The Great Barrier Reef
The only living organism visible from outer space with its vast array of reefs and islands stretching across the Australian North-Eastern coastline it is larger than the Great Wall of China occupying an area of 348,000 square kilometers and across latitudinal ranges 10 degrees South to 24 degrees South; over 3000 individual coral reefs and clays making it the most impressive coral reef system in the world as well as over 900 islands that are managed through the Queensland Government jurisdiction. The combined efforts and work from Australian Federal, Queensland Government, Indigenous, and Torres Strait Islander manage the Marine Park through legislation, jurisdiction, controlling visitor and tourist numbers, and allowed activities and permits.
Home to many unique Australian marine flora and fauna that depend on it for their survival it became listed as a World Heritage Site in 1981; there are no other World Heritage listed site with a biodiversity that has as much breadth, depth, and complexity as it does. Due to its massive area it crosses over many natural environments that are connected and have their own inter-dependability with each other which plays a part of it being one the most complex and diverse ecosystems on Earth.
One of the 7 Natural Wonders of the world it has formed over a very long time experiencing at least four glacial and inter-glacial cycles. The history of the reef involves it being exposed when ocean levels dropped during the glacial periods which made the entire eastern Australian coastline further out than it currently is. The reefs then were flat-topped eroded limestone hills; when sea levels rose during inter-glacial times islands and coral cays coupled with coral reef growth. Over thousands of years the complex processes of geological, geo-morphological, oceanographic, environmental, erosion, accumulation of coral reefs, and algae calcification have and will continue to form the seascape and landscape. Because of how much flora and fauna rely on it its scientific and intrinsic importance and value cannot be underestimated.
The Aboriginal and Torres Strait Islander depict their use and long history with the reef with stories, marine totems, shell deposits (middens), and fish traps.
For the most part it is intact and it presents the most complete picture of marine ecological, physical, and chemical processes. Supports one of the largest populations of the threatened Dugong, is an important whale-calving, 6 of the 7 species of marine turtles live here (with the largest green turtle breeding site on one of the islands), and 22 species of seabirds rely on the cay for breeding. The Reef plays host to over 1,500 species of fish, 400 species of coral, 4,000 species of mollusk, 240 species of birds, plus a whole range of sponges, anemones, marine worms, crustaceans, and others. Threatened by climate change which changes the fragile and particular environment the Marine Park and its inhabitants rely on to live, and by pollution especially from farm fertilizer chemical run-off.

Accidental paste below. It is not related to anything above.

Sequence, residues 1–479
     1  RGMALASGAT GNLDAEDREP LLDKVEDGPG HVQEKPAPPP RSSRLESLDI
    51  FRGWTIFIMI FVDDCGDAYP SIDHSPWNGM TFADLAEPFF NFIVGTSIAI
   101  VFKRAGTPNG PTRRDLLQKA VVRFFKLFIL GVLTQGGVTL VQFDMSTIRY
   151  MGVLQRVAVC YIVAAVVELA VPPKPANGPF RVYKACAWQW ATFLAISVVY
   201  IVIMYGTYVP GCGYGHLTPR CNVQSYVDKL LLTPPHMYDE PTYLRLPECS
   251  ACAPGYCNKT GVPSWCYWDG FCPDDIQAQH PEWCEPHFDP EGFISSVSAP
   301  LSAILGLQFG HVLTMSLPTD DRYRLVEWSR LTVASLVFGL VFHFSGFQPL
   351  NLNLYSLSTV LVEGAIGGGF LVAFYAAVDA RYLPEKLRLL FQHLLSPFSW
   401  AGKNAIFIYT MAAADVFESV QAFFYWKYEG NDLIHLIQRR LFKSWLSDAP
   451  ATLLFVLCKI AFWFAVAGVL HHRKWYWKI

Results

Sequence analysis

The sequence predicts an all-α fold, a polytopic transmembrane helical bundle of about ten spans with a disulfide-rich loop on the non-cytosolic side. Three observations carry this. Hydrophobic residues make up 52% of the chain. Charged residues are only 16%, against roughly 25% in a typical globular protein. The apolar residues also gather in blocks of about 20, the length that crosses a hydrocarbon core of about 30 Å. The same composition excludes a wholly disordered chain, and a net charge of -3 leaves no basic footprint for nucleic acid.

Activities for tourists and visitors alike include snorkeling, swimming with Dolphins, Whale watching, cruise ship trips, guided and educational tours, exploring inside submersibles, bare sailing (sail your own boat), and helicopter and airplane trips. Effective conservation programs are vital for the optimal management of the World Heritage property as a multiple-use area as the components of the Great Barrier Reef largely exist naturally without human intervention and have their own processes that determine the health and longevity occur mostly outside of the Marine Park.
As it covers such a large area State and Federal governments jurisdictions the property’s management is complex to say the least. The independent Australian government agency that is the Great Barrier Reef Marine Park Authority is responsible for the conservation and the management of the globally recognized marine park. The original Great Barrier Reef Act 1975 was revised in 2007 and 2008 to include “the long term protection and conservation…of the Great Barrier Reef region” also specifically mentioning meeting “…Australia’s responsibilities under the World Heritage Convention”. Though the protection and management appear to just apply to the health and status of the Marine Park but it also applies to commercial, recreational, research, public, and government uses and interest. Through the culmination of multi-level jurisdiction coupled with legislation provides a detailed coverage of more than just the islands and marine areas.